Farmers Look To Educate Public Through Goatopia Operation

Farmers Look To Educate Public Through Goatopia Operation

BISHOPVILLE – On the back portion of Joe Timmons’s property stands an old barn his grandfather and great-grandfather built nearly 70 years ago, with five pens surrounding the structure.

The first pen contained little pygmy goats and their mothers, followed by the buck pen, the “maternity ward” pen, the misfit goat pen and the Nubian goat pen.

“We fell in love with the animal,” he explained. “They are as sweet as can be. We don’t have a mean one amongst the 35.”

Timmons said he and his wife, Amy, started raising a few pet pygmy goats as a hobby. As the heard grew large, however, he explained that they started to reevaluate the purpose of having so many goats.

“It started to get to the point where we had a lot of goats, so we were spending more and more money on food,” he said. “We started to ask, ‘Why? To what end was this?’”

They directed their questions into research and soon afterwards discovered the benefits of goat milk products.

“The fat content in goat milk is higher than in cow’s milk, which lends itself to healing and goes better into human skin,” Timmons said.

From there, they began using milk from the Nubian goats on their property and created soaps, unscented and vanilla sugar lotion.

Since that time, the couple started Goatopia LLC and expanded their products to include 20 kinds of lotions, lip balm, shampoo bars, laundry detergent and more.

Farmers2-150x150.jpgTimmons said their business takes a more holistic approach of sorts to caring for goats, from the local hey the animals eat to the natural remedies they use. For example, Timmons said he feeds the goats sweet potatoes, yogurt and a food of their choice to get rid of a common digestive illness called scours.

In the end, he said between 20 and 50 percent of the Nubian’s milk will be used to create Goatopia products. The four Nubian goats they now own make two gallons of milk on a daily basis.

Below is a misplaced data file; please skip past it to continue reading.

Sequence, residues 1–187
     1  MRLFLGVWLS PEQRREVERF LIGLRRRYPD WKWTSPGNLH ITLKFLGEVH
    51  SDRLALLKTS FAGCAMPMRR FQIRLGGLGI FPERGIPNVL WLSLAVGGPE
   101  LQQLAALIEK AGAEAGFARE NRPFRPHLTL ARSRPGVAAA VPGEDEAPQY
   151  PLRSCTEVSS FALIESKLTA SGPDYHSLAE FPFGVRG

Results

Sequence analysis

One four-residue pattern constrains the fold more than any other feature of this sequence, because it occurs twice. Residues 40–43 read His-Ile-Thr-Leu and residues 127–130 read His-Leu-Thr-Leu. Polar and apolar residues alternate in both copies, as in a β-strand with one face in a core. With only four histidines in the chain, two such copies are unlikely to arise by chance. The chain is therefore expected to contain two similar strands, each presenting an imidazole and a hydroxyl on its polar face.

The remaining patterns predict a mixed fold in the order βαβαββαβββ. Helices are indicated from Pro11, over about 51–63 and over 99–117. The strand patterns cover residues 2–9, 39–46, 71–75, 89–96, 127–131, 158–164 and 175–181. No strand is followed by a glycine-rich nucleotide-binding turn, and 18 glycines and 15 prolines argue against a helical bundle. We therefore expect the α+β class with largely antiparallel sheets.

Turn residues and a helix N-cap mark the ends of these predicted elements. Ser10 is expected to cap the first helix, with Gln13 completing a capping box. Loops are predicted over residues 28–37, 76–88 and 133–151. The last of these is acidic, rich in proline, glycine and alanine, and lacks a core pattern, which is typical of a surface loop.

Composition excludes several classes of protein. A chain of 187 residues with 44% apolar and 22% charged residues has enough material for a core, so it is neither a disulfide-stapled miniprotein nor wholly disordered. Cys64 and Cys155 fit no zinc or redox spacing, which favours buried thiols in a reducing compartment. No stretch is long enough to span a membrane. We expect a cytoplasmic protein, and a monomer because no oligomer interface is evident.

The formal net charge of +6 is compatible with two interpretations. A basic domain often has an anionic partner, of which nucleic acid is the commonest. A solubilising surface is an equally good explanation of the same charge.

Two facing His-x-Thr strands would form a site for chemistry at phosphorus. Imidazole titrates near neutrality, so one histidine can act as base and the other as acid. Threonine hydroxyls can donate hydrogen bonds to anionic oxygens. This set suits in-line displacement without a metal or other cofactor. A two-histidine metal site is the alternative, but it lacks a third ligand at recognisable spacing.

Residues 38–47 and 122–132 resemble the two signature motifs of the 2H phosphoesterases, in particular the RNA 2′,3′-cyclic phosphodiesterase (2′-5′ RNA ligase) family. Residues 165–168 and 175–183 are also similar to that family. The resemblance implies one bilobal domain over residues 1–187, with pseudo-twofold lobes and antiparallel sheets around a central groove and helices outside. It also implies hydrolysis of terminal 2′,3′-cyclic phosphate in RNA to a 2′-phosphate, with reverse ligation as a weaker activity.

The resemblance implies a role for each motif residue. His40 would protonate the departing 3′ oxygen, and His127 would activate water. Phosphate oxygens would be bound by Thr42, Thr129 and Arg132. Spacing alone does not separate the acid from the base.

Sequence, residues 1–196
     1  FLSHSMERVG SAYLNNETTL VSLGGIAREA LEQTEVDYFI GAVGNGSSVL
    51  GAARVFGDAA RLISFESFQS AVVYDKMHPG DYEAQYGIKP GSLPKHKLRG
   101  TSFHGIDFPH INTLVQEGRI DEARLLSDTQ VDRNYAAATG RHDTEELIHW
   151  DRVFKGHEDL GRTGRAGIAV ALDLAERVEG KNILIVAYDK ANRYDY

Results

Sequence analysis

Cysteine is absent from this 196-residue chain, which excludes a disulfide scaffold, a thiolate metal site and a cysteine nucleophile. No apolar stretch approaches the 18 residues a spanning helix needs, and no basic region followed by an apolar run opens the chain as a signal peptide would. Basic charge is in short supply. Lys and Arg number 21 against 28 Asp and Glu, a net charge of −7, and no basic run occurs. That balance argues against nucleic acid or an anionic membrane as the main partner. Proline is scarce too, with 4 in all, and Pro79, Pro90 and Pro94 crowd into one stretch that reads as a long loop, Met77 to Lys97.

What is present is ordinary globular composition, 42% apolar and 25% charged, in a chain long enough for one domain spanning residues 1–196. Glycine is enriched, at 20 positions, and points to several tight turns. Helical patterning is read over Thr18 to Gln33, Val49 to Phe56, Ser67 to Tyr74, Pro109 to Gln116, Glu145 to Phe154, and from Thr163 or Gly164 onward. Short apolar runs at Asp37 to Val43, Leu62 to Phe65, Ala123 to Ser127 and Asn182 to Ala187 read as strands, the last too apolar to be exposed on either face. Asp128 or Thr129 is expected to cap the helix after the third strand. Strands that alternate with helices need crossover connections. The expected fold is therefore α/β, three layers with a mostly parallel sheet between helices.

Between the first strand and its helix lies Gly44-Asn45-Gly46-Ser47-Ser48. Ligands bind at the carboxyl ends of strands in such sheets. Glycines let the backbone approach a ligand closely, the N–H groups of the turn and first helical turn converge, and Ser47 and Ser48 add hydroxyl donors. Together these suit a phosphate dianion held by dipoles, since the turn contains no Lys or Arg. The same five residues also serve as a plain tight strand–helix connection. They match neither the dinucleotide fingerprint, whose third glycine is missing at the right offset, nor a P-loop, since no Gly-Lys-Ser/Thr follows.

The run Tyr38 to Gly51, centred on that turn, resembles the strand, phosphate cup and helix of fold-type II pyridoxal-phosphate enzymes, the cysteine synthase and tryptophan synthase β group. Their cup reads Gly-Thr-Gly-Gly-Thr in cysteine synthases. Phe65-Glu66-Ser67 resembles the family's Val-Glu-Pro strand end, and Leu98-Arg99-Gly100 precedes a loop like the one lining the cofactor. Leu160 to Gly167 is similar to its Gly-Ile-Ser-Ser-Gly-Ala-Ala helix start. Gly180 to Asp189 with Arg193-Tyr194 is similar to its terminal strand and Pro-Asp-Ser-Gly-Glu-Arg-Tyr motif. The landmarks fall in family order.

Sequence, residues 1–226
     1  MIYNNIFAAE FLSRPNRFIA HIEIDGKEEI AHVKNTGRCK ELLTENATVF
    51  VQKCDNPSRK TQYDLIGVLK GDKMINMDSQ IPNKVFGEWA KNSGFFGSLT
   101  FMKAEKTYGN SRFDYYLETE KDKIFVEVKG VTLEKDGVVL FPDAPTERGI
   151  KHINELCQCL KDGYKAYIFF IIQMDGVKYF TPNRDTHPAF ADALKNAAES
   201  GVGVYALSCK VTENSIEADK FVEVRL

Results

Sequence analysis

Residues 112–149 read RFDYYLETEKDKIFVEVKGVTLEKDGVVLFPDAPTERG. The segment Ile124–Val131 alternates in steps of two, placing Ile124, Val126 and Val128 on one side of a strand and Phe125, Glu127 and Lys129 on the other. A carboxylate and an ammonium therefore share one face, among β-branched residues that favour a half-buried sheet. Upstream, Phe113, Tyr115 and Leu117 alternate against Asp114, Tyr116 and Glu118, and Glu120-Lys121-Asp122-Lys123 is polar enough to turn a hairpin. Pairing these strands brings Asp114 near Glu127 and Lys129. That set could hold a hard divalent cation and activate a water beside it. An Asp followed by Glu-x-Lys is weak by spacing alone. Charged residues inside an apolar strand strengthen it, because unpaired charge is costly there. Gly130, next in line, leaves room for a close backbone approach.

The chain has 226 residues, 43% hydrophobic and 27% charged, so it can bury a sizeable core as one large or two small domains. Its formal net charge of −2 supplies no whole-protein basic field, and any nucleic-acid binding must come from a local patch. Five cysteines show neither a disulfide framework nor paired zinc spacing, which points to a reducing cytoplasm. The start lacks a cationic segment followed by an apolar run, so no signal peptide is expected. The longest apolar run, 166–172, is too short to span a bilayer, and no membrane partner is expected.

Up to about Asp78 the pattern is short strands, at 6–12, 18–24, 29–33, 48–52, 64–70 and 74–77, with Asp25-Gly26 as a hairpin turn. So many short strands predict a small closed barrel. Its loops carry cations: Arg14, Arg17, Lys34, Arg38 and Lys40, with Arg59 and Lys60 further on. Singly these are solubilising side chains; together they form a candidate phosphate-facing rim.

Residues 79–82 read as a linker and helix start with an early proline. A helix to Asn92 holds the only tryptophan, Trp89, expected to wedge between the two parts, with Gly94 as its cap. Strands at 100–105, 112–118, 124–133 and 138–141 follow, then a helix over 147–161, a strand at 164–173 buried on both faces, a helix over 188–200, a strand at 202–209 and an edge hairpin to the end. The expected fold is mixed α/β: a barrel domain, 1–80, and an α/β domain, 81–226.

Timmons said much of the knowledge they acquired about their craft came from reading and research, but explained his knowledge of goats came from friends and those he bought the goats from.

Timmons now spends much of his time attending fairs and farmers markets, selling Goatopia products and educating the community about goats, their milk and the misconceptions surrounding the animal.

For example, he said many didn’t know that all goats have horns and that the animals are browsers, not grazers.

“They’re like a man with a TV remote,” he joked, “searching for something better even if he likes what he is watching.”

Recently, Timmons said students from both Parkside High School’s horticulture program and Salisbury University have visited his farm to learn about goats and their craft.

“We taught them about goats and that kind of thing, and then we showed them what we did,” he explained.

In addition to expanding his Nubian goat population, Timmons said he hopes to continue his educational outreach. In the coming weeks, they will participate in several other learning opportunities with nearby schools and churches.

“I like the notion of educating,” he explained. “People don’t know about these animals.”

Timmons said he is currently working on a license to sell his products on his property, but encouraged families to come visit the goats, as well as other animals that accompany them.

“People are welcome to bring the kids by, play with the goats and that kind of thing,” he said. “If they want to check out a lotion or something, they certainly can.”

For more information on Goatopia, visit or visit Goatopia LLC’s Facebook page.

About The Author: Bethany Hooper

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Bethany Hooper has been with The Dispatch since 2016. She currently covers various general stories. Hooper graduated from Stephen Decatur High School in 2012 and the University of Maryland in 2016, where she completed double majors in journalism and economics.